Recently, there has been a lot of talk about the anniversary of the terrible murder of Dr. Tiller. This event was a horrible tragedy, no doubt as painful to truly pro-life individuals as the death of a single unborn child. If we value all life, than surely Dr. Tiller’s life is valuable as well. Though he was guilty of horrific deeds, it is never right to take another human being’s life.
Tiller’s murderer no doubt thought that he was helping the pro-life cause by eliminating one of its most infamous opponents. However, this act set the pro-life movement back by providing the media with yet another depiction of the entire movement based on one misguided individual. The anniversary of the murder does, however, provide us with an opportunity to remember why non-violence is so important in the pro-life movement.
In his essay “The Ways of Meeting Oppression,” Dr. Martin Luther King lays out the three most common ways of responding to an injustice in the world. The first is to resign to the fact that nothing is going to change. With the pervasiveness of the pro-abortion opinion in the media, this can be a tempting fiction. Sometimes it seems, thanks to the mainstream media, that everyone in the world is pro-abortion, so what is the point of fighting for life? King reminds us that “noncooperation with evil is as much a moral obligation as is cooperation with good.” The members of the pro-life community need to take inspiration from their leaders and peers and continue to fight for justice.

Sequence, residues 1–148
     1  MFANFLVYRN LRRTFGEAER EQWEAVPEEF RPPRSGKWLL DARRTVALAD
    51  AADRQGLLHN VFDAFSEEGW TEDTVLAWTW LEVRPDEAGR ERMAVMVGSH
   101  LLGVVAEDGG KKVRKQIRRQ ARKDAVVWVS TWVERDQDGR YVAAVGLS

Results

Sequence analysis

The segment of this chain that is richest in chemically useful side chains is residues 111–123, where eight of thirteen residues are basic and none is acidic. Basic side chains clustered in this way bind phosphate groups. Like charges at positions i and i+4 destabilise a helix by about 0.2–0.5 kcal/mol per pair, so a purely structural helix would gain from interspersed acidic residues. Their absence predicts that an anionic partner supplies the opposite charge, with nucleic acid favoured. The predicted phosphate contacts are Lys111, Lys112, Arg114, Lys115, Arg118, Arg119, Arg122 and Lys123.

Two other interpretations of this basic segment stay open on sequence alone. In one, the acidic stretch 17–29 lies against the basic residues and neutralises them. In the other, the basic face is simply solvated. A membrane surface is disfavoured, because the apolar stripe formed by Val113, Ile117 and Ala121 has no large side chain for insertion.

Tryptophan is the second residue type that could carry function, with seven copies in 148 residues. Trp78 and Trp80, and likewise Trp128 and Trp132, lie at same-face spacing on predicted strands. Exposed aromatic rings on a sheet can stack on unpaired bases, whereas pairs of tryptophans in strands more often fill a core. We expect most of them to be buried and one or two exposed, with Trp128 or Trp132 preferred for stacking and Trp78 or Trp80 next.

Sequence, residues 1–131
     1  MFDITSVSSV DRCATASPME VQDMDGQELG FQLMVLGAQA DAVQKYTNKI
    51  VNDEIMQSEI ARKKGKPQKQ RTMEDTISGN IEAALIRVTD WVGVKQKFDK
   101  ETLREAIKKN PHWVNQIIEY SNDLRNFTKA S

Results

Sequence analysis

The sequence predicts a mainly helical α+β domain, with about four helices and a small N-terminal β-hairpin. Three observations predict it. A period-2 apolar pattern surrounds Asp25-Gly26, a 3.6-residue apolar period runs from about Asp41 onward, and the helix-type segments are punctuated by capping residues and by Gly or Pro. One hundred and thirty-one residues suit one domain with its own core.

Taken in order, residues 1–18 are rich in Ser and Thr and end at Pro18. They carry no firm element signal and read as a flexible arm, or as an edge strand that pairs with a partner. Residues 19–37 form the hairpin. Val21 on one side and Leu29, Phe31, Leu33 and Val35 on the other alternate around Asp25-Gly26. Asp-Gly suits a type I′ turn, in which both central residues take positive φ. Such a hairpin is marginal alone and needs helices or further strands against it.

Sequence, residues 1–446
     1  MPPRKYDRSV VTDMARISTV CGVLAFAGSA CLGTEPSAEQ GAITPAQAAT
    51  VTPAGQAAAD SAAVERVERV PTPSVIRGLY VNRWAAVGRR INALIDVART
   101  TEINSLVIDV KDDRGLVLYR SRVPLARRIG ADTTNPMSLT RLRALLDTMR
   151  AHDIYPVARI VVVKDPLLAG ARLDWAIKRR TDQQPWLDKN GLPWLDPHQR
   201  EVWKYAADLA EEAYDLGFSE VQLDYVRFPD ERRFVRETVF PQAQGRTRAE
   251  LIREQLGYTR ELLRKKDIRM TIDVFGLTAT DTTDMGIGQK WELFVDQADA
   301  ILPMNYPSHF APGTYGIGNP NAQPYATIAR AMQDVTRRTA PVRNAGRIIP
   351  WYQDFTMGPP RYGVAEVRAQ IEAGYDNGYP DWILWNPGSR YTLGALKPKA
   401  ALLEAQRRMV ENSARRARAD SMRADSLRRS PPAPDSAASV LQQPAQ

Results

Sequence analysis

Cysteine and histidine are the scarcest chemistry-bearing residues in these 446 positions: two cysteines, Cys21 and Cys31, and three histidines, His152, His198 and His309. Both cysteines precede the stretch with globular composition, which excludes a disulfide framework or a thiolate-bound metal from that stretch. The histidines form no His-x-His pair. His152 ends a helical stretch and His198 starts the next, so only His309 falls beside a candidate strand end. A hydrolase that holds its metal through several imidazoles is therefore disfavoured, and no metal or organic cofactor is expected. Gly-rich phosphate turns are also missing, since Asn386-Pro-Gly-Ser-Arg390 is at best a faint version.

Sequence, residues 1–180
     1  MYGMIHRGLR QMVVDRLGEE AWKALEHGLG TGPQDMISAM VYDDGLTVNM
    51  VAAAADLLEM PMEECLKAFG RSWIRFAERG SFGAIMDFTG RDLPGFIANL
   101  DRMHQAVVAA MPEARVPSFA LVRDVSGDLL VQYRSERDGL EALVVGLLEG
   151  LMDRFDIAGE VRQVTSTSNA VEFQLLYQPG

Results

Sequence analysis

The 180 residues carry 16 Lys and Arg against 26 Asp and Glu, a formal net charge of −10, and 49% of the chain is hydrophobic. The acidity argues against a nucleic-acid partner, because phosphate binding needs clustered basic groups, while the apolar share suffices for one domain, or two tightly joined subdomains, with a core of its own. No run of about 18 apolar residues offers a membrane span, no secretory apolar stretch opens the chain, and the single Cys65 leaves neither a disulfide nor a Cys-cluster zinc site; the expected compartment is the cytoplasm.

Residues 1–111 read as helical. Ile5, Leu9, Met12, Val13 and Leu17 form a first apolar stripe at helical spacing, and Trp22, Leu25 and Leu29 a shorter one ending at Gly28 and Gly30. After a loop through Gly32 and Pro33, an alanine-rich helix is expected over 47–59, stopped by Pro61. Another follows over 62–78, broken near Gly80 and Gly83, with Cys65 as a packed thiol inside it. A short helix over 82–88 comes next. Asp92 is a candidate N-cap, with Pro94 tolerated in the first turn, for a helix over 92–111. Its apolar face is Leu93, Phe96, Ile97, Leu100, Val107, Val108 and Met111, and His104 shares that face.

The second way to meet oppression, relevant to our earlier discussion, is solving injustice through violent means. The argument for this sort of method is usually a mathematical one. If we can harm one abortionist, we save thousands of babies. Obviously there are major flaws in this line of thinking, beyond the simple fact that every life is invaluable. For one, the abortionist will often simply be replaced by others. Secondly, and more importantly, the person who takes a life states, through action, that sometimes the means of taking a life are justified by some other end. You will recognize the same argument in our opposition. King points out that violence “thrives on anger, not on love,” and that “it creates bitterness in the survivors and brutality in the destroyers.” Violence harms the perpetrator as well as the victim.
The third way, and the way that King advocated throughout his life, is nonviolent resistance. This is the true heart of the pro-life movement. This is the prayer vigils outside of clinics. This is the rational discussions with pro-abortion individuals who eventually change their minds. King’s discussion about the struggle between the races is relevant to members of the pro-life movement, as well. I will leave you with his words: “In the end, it is not a struggle between people at all, but a tension between justice and injustice. Nonviolent resistance is not aimed against oppressors but against oppression. Under its banner consciences…are enlisted.”